Increased revenue could also come from promoting the cultural and natural experiences in a destination or integrating these into new products and offerings that celebrate this natural and cultural heritage.
Cutting Expenses through Sustainability
The expenses side of the equation is where it gets really exciting, as this is where significant cost savings can be achieved, but it is also where businesses face the biggest risks if they don’t take action on sustainability.
Let’s start with energy. When strategically and methodically approached, bricks and mortar tourism businesses, such as hotels, can save up to 75% on energy costs, and tour operators could cut up to 100% of their fuel costs. This is more important than ever as both energy costs and carbon taxes are increasing, and will continue to do so over the coming years. This is typically achieved by undertaking an energy or fleet assessment, prioritizing projects based on their payback period and return on investment (ROI), developing a project budget and implementation plan, and continuously iterating through this process.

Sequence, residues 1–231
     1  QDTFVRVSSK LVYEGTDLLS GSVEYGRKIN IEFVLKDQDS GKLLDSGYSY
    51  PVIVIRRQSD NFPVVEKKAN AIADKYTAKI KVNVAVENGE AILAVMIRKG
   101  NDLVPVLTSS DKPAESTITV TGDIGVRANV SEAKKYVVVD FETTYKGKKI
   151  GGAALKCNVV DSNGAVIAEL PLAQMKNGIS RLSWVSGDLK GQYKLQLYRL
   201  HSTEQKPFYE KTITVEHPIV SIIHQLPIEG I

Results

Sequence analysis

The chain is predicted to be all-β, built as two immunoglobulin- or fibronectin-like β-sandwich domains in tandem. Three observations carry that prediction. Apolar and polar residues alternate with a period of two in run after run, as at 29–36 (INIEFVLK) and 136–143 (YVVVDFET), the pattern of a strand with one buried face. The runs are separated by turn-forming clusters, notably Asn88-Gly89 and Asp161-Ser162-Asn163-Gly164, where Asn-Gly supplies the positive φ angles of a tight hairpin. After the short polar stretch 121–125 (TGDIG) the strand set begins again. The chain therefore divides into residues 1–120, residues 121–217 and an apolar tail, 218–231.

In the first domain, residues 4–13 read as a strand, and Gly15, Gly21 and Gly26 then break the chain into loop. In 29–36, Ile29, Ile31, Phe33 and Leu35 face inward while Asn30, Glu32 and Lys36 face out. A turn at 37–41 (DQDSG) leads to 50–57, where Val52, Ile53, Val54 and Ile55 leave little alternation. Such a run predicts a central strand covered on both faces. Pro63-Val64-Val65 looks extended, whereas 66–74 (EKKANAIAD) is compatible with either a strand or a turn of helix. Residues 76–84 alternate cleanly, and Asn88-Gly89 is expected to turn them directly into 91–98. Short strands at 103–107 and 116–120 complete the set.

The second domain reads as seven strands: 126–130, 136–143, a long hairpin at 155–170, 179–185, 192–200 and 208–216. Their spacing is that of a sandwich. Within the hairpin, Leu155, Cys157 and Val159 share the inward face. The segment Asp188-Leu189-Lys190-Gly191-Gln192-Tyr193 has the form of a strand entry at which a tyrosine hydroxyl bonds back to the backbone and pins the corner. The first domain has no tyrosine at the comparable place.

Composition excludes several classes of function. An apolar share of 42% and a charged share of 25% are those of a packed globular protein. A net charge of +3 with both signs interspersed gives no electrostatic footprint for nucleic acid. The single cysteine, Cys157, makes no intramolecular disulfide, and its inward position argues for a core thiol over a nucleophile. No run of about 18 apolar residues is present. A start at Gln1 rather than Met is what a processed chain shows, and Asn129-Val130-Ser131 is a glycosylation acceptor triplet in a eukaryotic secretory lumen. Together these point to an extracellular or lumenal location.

To support the costs of these projects, many utilities offer subsidized energy studies and rebates for commercial customers, the Canadian federal government has tax incentives for large renewable energy and conservation projects, provincial governments offer rebates for electric vehicles and other initiatives, and more financial institutions are offering lower rates for projects that lead to a reduced carbon footprint. Check out the Business Development Bank of Canada’s great article on “How to Get Financing for Your Green Retrofit Project” if your project will require outside financing. There is also GreenStep’s EcoFund program, that helps tourism businesses generate tens of thousands of dollars annually to invest in energy saving, carbon reduction projects.